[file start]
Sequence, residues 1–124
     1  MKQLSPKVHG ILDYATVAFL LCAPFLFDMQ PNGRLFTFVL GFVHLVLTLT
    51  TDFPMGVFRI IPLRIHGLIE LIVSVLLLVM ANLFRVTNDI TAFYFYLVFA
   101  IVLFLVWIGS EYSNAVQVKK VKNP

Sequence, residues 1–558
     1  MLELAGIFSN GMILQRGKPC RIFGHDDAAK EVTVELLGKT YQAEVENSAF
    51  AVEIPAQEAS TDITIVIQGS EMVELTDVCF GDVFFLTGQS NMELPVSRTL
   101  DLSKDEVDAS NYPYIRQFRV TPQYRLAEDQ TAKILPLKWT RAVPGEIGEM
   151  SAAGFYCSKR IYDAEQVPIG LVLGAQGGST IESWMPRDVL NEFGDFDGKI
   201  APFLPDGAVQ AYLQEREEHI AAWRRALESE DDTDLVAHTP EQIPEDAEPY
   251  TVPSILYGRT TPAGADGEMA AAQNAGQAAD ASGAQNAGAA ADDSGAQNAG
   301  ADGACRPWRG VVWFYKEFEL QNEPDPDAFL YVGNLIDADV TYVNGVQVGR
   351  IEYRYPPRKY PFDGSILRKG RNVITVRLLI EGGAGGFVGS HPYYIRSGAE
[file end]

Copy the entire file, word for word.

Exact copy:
Sequence, residues 1–124
     1  MKQLSPKVHG ILDYATVAFL LCAPFLFDMQ PNGRLFTFVL GFVHLVLTLT
    51  TDFPMGVFRI IPLRIHGLIE LIVSVLLLVM ANLFRVTNDI TAFYFYLVFA
   101  IVLFLVWIGS EYSNAVQVKK VKNP

Sequence, residues 1–558
     1  MLELAGIFSN GMILQRGKPC RIFGHDDAAK EVTVELLGKT YQAEVENSAF
    51  AVEIPAQEAS TDITIVIQGS EMVELTDVCF GDVFFLTGQS NMELPVSRTL
   101  DLSKDEVDAS NYPYIRQFRV TPQYRLAEDQ TAKILPLKWT RAVPGEIGEM
   151  SAAGFYCSKR IYDAEQVPIG LVLGAQGGST IESWMPRDVL NEFGDFDGKI
   201  APFLPDGAVQ AYLQEREEHI AAWRRALESE DDTDLVAHTP EQIPEDAEPY
   251  TVPSILYGRT TPAGADGEMA AAQNAGQAAD ASGAQNAGAA ADDSGAQNAG
   301  ADGACRPWRG VVWFYKEFEL QNEPDPDAFL YVGNLIDADV TYVNGVQVGR
   351  IEYRYPPRKY PFDGSILRKG RNVITVRLLI EGGAGGFVGS HPYYIRSGAE